First, you place the substrate in the tank, and fill the tank with water. Depending on where you live, the water may contain chemicals that are dangerous to fish, like chlorine, chloramine and metals. If so, the water needs to be treated first. Besides that, the pH and hardness of the water has to be changed according to the fish you want to keep (fish from the Amazon region, for example, prefer soft, acidic water, and African Cichlids need hard, alkaline water). After that, the 'aquatic hardware', like filters and heaters should be installed, and started. After a few days, you can add the first plants (very useful for a healthy tank environment, since they transform CO2 into oxygen, a welcome and beneficial addition to the normal gas exchange between water and air at the surface). Some days later a couple of cheap (feeder) fish (like goldfish or minnows) should be released in the tank. Heavy feeding is not necessary. The fish's waste, containing ammonia (a chemical substance very dangerous to fish which, in high levels, can cause severe 'ammonia burns' and damaged gills) will kick start the growth of the ammonia-consuming bacteria. These useful bacteria will feed themselves on the ammonia, and release nitrites into the water as a waste product. Nitrites is also very harmful to fish, but are taken care of by other bacteria that transform it into less dangerous nitrate. The start of these chemical processes can be accelerated by adding bacteria cultures (or even pure ammonia), fish flakes or more fish to the tank water and to the filter media, but this is not necessary, since it will happen naturally between 3 to 6 weeks, depending on the tank's size. The final stage in the chemical cycle is doing water changes: this will remove the nitrates from the water. To keep track of the 'birth' of this cycle, perform water tests on regular intervals to see if the water perimeters are going into the right direction.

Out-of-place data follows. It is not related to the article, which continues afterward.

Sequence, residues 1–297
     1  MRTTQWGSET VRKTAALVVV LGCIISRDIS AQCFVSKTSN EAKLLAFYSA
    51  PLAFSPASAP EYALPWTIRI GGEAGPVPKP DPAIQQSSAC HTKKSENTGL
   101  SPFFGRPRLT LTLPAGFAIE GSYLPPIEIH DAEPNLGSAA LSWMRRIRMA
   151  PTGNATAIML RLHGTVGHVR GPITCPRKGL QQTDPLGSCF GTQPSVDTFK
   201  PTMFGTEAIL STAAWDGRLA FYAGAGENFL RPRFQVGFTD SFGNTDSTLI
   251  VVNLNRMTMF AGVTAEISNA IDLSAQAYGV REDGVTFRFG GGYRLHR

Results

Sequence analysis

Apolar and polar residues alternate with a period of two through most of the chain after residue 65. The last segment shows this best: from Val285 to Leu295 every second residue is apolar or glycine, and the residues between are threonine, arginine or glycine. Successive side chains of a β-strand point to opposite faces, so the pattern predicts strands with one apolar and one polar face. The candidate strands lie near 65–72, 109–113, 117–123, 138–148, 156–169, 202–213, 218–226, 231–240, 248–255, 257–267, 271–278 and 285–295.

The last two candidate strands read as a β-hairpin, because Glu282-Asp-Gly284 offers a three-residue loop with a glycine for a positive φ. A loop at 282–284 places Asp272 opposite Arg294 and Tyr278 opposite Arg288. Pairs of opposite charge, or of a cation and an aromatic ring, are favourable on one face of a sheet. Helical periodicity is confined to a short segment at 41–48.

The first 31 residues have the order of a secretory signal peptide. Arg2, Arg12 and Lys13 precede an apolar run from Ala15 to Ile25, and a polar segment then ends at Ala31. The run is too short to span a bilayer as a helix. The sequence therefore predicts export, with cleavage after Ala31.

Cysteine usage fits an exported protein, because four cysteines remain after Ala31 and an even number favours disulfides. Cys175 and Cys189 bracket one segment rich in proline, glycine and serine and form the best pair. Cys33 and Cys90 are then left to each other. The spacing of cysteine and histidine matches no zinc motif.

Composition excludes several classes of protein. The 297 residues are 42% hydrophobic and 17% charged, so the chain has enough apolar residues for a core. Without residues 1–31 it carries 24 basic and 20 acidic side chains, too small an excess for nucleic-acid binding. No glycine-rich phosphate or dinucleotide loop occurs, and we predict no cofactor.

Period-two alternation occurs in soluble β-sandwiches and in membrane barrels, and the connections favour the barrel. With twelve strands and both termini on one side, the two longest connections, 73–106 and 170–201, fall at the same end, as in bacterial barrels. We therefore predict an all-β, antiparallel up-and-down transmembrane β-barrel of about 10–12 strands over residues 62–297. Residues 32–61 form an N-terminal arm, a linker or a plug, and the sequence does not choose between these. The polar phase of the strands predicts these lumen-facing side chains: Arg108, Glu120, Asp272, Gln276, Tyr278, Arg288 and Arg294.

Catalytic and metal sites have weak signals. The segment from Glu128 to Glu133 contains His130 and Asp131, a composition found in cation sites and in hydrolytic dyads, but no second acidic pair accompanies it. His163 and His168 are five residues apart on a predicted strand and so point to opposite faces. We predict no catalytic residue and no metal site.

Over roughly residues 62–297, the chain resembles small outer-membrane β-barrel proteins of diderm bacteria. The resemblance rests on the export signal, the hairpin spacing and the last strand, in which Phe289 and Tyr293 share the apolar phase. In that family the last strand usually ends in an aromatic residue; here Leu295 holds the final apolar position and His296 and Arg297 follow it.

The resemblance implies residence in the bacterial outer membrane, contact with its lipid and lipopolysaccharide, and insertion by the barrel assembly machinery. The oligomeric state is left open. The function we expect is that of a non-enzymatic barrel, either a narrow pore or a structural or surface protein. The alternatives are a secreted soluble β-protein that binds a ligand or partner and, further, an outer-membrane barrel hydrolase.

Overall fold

Tip: The cycling process can be shortened considerably when you use filter media and, to a lesser extent, gravel and decor from an already established tank.
When the tank is finally settled, which means ammonia and nitrite levels are zero and the pH and water hardness are suitable for the fish you choose to keep, it is time to introduce the piranha's into the tank...

The next couple of paragraphs are about how to set up the tank. Piranha's are large and powerful predatory fish, but also have a skittish and nervous character, and therefore the tank must be set up accordingly. Of course, the final aquascaping should be done before the fish are released into their new home, to minimize stress.